Healthy Heart Program
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What is the Healthy Heart Program?

The Healthy Heart program is a comprehensive, non-invasive cardiovascular assessment that looks at risk factors not traditionally tested for at your general physicians’ office. We help patients discover their underlying risk factors for heart disease and help them make changes to reduce their risk.

Book a free consultation and to see if this program is the right fit for you.

Healthy Heart Program statistics

What This Program Includes:

After your free consultation, there will be two visits with our medical team, including our physician, a registered dietitian, and a registered nurse.

Your visits will include:

  • Review of your heart health and history
  • Advanced atherosclerotic disease assessment test through the Mayo Clinic
  • Assessment of inflammatory factors correlated with heart disease through the Cleveland HeartLab
  • We will check your: electrocardiogram (EKG), blood cholesterol, fatty acid profile
  • Peripheral arterial disease screening test and other cardiovascular screening tests
  • Receive education about your heart health through consultation with our registered dietitian: healthy eating habits, exercise routine, lifestyle modification to reduce cardiovascular risk
  • A one-month supply of Metagenics Omega Supplement, only available to certified physicians

Give us a call at 780-306-2888 to book your free consultation today!


FH Medical has partnered with the Mayo Clinic and Cleveland HeartLab to provide our Healthy Heart patients with advanced heart health screening tests to determine if he/she is at risk. Our physicians are focused on the early detection of and prevention of cardiovascular disease (CVD). With the goal of improving CVD risk assessment, these unique tests provide a more complete picture of CVD risk allowing our physicians to provide an improved personalized medical detection and prevention plan, not available at traditional laboratories.

Cleveland Heart Lab


Every 7 minutes in Canada someone dies from heart disease or stroke. That’s 206 people dying from cardiovascular disease and stroke every day. 1

Risk factors include smoking, alcohol, physical inactivity, obesity, high blood pressure, high blood cholesterol and diabetes. 2

There are specific factors that increase your chances of developing problems with the heart and blood vessels.

Controllable risk factors of heart health

High Blood Pressure: Over time, high blood pressure can lead to heart attacks, strokes, or a thick heart muscle (hypertrophy), which can eventually lead to heart failure, a form of heart disease.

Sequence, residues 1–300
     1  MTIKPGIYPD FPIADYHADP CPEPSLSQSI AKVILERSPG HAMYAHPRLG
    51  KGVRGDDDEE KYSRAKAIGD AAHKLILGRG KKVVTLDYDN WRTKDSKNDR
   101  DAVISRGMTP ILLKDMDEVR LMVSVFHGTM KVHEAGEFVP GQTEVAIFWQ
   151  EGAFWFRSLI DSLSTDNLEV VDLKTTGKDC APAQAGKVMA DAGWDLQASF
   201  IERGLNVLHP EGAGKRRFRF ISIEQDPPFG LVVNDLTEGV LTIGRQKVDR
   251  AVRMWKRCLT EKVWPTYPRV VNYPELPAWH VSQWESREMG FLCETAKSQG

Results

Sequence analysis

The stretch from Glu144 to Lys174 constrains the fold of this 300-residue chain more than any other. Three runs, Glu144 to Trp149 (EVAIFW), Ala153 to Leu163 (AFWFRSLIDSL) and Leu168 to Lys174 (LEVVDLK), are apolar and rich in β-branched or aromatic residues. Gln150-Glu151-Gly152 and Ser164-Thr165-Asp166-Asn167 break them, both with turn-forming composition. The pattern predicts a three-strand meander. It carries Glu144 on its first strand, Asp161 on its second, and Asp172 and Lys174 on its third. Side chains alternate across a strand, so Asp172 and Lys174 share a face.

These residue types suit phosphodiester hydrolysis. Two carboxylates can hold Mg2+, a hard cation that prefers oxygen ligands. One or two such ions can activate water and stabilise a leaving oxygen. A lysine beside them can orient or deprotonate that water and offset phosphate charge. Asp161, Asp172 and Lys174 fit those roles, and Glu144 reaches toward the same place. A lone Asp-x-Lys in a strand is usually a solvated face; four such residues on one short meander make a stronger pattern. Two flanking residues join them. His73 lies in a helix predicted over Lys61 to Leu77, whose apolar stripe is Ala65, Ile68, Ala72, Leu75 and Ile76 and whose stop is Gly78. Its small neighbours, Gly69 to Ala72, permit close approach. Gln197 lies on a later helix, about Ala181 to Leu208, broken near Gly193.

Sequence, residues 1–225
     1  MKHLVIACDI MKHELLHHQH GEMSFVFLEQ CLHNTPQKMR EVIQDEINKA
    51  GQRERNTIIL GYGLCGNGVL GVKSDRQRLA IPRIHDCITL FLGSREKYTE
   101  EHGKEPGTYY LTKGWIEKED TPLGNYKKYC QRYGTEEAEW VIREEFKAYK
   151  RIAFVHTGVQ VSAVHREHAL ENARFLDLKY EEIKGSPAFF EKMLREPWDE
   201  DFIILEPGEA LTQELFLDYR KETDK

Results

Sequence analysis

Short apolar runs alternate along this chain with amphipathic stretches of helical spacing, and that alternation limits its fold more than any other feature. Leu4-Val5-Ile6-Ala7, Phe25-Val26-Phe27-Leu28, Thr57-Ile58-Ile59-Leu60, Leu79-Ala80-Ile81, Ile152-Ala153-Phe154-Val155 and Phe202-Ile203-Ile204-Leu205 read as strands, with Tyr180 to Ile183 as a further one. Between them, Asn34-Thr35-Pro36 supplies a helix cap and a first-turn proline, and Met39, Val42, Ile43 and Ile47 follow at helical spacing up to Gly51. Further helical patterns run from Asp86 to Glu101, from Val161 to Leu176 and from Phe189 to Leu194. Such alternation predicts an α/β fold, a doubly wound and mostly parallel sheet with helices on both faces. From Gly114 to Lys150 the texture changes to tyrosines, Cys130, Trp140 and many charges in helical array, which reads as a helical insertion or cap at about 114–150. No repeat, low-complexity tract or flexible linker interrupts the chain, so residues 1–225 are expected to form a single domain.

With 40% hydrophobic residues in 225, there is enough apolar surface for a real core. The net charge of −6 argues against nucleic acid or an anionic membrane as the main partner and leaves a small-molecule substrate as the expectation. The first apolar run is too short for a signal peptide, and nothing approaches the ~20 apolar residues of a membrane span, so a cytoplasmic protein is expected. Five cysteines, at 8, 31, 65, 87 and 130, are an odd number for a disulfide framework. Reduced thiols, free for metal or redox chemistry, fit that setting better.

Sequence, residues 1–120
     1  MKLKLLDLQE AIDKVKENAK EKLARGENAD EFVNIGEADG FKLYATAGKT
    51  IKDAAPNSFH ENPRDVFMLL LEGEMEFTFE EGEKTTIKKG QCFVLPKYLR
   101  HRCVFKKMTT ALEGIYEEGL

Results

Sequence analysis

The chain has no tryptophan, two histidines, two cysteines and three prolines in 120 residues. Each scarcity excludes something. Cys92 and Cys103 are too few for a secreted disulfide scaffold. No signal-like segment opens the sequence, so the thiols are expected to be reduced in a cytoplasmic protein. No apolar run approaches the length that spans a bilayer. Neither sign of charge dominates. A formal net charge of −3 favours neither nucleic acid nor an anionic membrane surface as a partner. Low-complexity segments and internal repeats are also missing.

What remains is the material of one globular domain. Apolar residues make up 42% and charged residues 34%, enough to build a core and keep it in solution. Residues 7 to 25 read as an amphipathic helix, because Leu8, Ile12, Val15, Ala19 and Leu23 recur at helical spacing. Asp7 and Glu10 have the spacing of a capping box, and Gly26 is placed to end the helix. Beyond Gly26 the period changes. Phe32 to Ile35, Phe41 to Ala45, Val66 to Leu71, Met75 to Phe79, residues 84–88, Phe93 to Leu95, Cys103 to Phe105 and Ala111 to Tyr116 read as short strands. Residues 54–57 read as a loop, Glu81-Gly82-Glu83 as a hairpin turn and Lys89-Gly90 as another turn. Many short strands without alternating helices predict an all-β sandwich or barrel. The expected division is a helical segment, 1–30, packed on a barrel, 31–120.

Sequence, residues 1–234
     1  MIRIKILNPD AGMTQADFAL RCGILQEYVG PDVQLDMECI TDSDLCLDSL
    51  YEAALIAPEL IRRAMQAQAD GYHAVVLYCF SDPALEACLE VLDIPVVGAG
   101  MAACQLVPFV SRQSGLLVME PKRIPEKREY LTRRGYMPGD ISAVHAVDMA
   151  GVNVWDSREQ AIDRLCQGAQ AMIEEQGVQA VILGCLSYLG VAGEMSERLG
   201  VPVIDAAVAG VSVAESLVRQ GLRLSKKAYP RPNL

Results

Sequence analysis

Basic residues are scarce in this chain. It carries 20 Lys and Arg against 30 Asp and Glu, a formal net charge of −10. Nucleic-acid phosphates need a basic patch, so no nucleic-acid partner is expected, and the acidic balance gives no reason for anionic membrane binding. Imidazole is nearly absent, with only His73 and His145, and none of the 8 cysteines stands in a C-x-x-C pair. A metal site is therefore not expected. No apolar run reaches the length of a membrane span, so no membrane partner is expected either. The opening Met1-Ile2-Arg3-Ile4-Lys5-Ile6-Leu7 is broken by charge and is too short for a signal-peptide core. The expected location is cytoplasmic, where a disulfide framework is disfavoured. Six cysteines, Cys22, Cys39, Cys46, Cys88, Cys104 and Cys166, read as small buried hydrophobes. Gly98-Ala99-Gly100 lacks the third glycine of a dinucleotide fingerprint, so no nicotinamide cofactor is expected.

High Cholesterol: Too much bad cholesterol (LDL cholesterol) can lead to blockage of the arteries, which raises the risk of heart disease.

Smoking: Smoking Increases blood pressure and contributes to the development of blocked arteries, putting you at a higher risk.

Obesity: People who have excess body fat — especially if a lot of it is at the waist — are more likely to develop heart disease and stroke even if they have no other risk factors.

Diabetes: If blood sugar levels are not controlled, the risk of heart disease severely increases.

Unhealthy Diet: Risks are greater for people who do not eat enough fruit and vegetables. Eating foods that contain trans-fat, high amounts of saturated fats, and sodium can also increase the risk of heart disease. Being overweight or obese increases your risk of developing a wide range of serious diseases and conditions, including heart disease.

Stress: High levels of stress or prolonged stress may result in high cholesterol, increased blood pressure, or disturbances in heart rhythm. These conditions increase the risk of developing heart disease.

Uncontrollable risk factors of heart health

Family History: Your risk of heart disease is higher if any immediate family members (parents, brothers, sisters, etc.) have had a heart attack, high cholesterol, or high blood pressure.

Age: Your risk of developing heart disease increases with age. This applies especially to men over the age of 45 and women who have gone through menopause or are over the age of 55.

Sex: Men have a greater risk of heart attack than women do, and they have attacks earlier in life. Even after menopause, when women’s death rate from heart disease increases, it’s not as great as men’s.

Stats courtesy of the Heart Research Institute.
1 – Statistics Canada, 2011
2 – Public Health Agency of Canada (PHAC) 2009